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0 votes
The clerk refused a motion as I had written it and put a watered down version of it on the agenda. At the meeting I proposed an amendment back to my own version, which was (predictably) voted against. Then the clerk’s motion was voted on and passed. The minutes which we were asked to agree state that I proposed a motion which was voted against, and then some other councillors proposed and seconded another (the clerk’s) motion which passed. There is no reference to what I did as an amendment and from the minutes it looks like I proposed a motion, without notice and randomly out of the blue, before the clerk’s motion was then proposed and seconded by councillors. Nobody at the meeting was interested in an accurate recording of what happened so they accepted the minutes. Is it normal to record things this way, in the order that people said things rather than in the context they happened?
by (1.8k points)

3 Answers

+2 votes
Recommend recording the PC meeting so when the minutes are presented at the next meeting you can provide evidence ( written transcript of the inaccurate minute) to support your objection to the minutes being signed and adopted by the chair. Perhaps this might just focus the necessity to councillors to have accurate minutes presented for ratification.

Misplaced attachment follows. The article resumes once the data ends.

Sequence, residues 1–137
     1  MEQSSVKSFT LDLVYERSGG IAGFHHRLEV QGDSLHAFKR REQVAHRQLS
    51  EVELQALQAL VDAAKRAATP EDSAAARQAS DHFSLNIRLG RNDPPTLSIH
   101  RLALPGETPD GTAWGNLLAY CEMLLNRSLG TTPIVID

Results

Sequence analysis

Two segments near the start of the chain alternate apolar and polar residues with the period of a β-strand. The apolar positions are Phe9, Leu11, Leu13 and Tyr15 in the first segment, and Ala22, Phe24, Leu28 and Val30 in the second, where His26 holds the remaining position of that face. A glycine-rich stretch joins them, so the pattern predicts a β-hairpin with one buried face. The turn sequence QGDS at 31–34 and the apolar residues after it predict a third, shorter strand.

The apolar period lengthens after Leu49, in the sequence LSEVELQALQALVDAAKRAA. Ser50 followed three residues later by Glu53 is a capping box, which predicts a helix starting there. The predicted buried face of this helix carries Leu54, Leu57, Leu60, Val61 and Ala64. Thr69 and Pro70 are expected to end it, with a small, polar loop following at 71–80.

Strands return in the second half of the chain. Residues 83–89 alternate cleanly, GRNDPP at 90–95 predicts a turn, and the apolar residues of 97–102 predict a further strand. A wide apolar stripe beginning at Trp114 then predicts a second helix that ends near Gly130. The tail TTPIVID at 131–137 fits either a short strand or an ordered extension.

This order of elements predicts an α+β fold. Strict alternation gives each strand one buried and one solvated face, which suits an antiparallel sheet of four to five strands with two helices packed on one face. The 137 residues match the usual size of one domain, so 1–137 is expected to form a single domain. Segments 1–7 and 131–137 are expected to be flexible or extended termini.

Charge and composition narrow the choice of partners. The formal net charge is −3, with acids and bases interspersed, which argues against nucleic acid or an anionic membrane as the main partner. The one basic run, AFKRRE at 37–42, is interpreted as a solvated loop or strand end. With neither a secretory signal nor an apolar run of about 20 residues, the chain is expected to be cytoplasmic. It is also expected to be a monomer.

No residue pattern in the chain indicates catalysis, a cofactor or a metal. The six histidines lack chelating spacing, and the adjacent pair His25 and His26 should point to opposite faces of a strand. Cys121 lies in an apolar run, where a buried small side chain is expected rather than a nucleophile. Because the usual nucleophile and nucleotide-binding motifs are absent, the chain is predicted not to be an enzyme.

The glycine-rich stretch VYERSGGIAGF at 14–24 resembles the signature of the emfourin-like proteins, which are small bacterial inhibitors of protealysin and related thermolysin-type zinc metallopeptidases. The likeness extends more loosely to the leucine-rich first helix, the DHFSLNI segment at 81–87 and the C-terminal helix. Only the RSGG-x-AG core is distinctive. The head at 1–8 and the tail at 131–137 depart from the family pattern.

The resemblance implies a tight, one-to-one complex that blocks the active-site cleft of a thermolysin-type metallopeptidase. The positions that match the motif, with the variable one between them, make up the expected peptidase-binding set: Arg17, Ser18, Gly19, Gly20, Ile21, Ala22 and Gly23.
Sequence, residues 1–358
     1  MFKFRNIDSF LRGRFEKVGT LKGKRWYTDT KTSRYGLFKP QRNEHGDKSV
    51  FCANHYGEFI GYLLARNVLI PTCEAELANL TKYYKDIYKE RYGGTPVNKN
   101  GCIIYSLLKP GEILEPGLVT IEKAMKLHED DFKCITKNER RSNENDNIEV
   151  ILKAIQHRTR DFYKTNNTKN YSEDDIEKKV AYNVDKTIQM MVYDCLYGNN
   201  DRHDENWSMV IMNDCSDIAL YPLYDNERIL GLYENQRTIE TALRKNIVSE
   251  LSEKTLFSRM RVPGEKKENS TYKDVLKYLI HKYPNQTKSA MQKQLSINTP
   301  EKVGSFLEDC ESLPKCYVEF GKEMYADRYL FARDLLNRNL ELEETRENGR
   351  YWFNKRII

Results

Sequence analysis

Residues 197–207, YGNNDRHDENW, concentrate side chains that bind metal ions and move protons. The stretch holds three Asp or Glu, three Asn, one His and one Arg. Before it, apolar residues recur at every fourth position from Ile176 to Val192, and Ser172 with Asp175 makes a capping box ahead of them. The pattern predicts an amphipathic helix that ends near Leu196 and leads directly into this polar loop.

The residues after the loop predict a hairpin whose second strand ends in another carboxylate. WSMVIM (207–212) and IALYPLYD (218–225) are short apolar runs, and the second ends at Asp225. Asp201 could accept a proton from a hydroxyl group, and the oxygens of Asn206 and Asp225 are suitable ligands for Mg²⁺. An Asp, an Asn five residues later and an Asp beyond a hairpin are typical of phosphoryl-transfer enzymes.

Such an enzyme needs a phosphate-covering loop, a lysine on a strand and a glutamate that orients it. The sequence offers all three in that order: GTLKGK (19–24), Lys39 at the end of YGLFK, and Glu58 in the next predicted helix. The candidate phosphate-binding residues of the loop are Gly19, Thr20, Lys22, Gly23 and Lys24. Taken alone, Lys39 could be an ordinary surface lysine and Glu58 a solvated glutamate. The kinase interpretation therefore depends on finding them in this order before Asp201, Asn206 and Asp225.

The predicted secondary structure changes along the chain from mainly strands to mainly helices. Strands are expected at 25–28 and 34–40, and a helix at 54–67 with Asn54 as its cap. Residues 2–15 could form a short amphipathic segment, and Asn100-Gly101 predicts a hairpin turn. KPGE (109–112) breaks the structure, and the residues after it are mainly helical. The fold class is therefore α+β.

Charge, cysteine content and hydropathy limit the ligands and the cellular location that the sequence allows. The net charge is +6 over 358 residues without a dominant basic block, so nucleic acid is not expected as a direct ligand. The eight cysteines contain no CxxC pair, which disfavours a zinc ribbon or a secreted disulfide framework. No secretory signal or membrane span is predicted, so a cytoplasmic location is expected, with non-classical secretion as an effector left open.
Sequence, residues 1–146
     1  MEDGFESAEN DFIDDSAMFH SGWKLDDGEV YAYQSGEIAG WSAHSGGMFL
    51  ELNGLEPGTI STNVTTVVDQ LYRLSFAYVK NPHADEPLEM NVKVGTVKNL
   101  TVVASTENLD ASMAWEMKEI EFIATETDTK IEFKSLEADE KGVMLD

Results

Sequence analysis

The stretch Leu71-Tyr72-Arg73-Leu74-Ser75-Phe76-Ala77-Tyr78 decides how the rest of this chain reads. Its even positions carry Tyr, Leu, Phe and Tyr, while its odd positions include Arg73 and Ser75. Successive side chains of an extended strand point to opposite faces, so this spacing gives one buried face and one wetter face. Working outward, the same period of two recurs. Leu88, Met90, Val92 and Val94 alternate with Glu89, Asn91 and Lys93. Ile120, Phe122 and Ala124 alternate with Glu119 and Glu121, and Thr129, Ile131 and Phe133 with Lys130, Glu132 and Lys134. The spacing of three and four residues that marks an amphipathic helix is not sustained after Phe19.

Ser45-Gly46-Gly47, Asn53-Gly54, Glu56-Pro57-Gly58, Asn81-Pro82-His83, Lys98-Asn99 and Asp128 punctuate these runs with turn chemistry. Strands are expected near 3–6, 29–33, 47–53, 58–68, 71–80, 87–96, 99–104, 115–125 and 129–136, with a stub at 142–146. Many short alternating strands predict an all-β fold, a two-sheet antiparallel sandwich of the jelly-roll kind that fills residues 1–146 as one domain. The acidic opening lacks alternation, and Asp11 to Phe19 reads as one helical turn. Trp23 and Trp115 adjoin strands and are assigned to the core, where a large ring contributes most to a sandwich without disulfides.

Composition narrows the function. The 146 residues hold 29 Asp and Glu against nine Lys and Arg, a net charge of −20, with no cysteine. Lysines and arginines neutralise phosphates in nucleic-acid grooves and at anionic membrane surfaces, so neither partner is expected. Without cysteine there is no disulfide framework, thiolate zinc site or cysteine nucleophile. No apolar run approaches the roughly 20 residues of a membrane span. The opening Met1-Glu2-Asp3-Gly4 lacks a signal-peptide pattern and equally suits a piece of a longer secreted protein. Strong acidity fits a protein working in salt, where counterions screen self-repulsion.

by (27.0k points)
0 votes
Minutes are a record of decisions and not necessarily how those decisions are reached although I personally prefer some background to give context to any decisions made.  In the example you've given, it sounds as if the correct procedure (as outlined in your standing orders if you've adopted the model version) was followed, i.e. a resolution was proposed (as stated on the agenda), you proposed an amendment, that amendment was voted on and rejected so the first proposal was then voted on and accepted.   Whether the wording of the amendment is detailed in full in the minutes is sometimes a matter of choice but the final accepted proposal would need to be.
by (19.1k points)
+1 vote

Audio / video / livestream of meetings are SO simple, cheap and unobtrusive to achieve. 

The benefits are many fold. 

As MM suggests an accurate record is produced which can be referenced if required.  

Remember - at all times - who the real customer is….  The public not the council, or what might be easiest for the clerk. 

Questions like this will always smoke out the responses like “…all you have to do is…” and those that strive to achieve the absolute bare minimum seem to find some kind of refuge in local government. 

Setting goals as low as is practically possible is probably why the sector is so dire  

by (21.3k points)
Brilliant! Another down vote despite the content being objectively and obviously on the money. Love it.
Again, there are no down votes for your answer....
The votes ebb and flow like the tide….

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